Attosecond control of an atomic electron cloud

January 07, 2020

Working as a collaborative research team, Tatsuo Kaneyasu (SAGA Light Source/Institute for Molecular Science), Yasumasa Hikosaka (University of Toyama), Masahiro Katoh (Hiroshima University/Institute for Molecular Science) and co-workers have invented a way to manipulate the shape of an electron cloud in an atom using the coherent control technique with synchrotron radiation. The work, which has been published in Physical Review Letters, paves the way towards the ultrafast control of electronic systems using synchrotron radiation.

Controlling and probing the electronic motion in atoms and molecules on their natural time scale of attoseconds is one of the frontiers in atomic physics and attosecond physics. Thanks to advances in laser technology, a number of attosecond experiments have been performed with ultrashort laser pulses. In contrast, this research team have presented a new route to the attosecond coherent control of electronic systems using synchrotron radiation. The potential use of undulator radiation as longitudinally coherent wave packets was demonstrated by achieving population control in the photoexcitation of helium atoms [Y. Hikosaka et al., Nature Commun. 10, 4988 (2019)]. The next challenge was the application of the polarization properties of the synchrotron radiation to coherent control.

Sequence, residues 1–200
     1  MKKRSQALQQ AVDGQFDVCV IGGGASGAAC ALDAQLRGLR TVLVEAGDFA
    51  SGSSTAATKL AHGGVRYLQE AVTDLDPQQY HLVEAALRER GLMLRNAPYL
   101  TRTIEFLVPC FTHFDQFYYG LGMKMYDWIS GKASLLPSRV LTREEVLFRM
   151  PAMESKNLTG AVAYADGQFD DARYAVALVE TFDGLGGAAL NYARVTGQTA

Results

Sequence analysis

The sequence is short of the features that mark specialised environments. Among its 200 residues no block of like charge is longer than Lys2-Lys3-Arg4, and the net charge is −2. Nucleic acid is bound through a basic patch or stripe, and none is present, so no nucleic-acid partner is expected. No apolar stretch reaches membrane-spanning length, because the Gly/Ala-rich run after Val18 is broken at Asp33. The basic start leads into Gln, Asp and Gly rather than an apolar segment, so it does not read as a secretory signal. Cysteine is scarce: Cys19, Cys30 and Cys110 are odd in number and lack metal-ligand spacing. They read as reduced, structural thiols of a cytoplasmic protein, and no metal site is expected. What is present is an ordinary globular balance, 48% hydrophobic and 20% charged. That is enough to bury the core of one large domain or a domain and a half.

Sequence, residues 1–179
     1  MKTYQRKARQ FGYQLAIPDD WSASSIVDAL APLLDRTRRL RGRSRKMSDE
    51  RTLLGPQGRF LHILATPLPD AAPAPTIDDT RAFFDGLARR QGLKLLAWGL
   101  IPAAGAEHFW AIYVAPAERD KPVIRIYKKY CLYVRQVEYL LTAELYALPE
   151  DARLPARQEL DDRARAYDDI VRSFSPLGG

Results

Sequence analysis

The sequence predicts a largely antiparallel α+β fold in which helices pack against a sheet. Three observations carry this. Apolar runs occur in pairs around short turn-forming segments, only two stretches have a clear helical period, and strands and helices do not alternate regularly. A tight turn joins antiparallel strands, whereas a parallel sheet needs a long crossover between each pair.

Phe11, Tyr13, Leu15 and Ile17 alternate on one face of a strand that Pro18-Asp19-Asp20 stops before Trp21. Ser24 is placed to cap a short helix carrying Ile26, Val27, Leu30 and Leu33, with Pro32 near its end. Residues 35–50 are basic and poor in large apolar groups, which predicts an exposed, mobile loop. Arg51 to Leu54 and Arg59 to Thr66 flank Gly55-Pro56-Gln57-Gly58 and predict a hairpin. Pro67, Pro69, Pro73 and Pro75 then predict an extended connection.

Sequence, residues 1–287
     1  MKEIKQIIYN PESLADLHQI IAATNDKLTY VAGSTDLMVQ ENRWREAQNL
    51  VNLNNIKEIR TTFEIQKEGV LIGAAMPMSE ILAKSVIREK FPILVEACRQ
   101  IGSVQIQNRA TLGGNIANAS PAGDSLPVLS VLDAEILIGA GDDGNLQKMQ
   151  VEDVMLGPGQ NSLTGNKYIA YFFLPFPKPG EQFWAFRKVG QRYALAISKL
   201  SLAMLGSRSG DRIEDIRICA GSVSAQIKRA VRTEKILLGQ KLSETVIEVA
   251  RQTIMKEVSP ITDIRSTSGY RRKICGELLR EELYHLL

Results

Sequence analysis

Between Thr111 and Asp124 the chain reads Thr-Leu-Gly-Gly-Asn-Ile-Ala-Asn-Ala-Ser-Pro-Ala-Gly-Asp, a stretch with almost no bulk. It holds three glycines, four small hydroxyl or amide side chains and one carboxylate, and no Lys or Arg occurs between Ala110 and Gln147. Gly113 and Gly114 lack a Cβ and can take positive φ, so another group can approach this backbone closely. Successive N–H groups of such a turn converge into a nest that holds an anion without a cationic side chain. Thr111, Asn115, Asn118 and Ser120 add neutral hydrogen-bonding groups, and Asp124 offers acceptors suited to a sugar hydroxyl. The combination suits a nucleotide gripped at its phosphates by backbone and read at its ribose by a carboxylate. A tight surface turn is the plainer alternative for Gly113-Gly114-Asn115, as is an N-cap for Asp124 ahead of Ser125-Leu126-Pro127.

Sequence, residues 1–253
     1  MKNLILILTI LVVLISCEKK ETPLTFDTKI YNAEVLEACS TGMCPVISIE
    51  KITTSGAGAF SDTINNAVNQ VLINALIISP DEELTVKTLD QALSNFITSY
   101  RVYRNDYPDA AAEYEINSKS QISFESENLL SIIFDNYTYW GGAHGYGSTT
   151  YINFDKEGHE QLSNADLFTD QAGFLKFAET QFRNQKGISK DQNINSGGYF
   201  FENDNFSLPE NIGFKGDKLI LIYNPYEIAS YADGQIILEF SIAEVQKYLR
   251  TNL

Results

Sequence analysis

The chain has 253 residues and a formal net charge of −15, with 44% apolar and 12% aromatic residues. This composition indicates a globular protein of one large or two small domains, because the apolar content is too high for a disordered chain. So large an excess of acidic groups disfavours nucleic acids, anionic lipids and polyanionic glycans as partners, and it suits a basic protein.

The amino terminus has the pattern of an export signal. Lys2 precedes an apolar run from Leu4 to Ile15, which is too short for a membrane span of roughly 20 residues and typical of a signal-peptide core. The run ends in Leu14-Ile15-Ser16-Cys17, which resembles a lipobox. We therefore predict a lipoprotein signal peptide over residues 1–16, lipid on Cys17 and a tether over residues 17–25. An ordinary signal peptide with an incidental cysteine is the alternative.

The team's latest paper, recently published in Physical Review Letters, reports a successful observation of the control of the electron cloud in a helium atom. Pairs of left- and right-circularly polarized radiation wave packets were generated using two helical undulators. The duration of each wave packet pair was a few femtoseconds, and the extreme ultraviolet radiation was used to irradiate helium atoms. With this technique they succeeded in controlling the shape and orientation of the electron cloud, formed as a coherent superposition state, by tuning the time delay between the two wave packets on the attosecond level.

In contrast to standard laser technology, there is no technical restriction on the extension of this method to shorter and shorter wavelengths. This new capability of synchrotron radiation not only helps scientists to study ultrafast phenomena in atomic and molecular processes, but may also open up new applications in the development of functional materials and electronic devices in the future.

National Institutes of Natural Sciences

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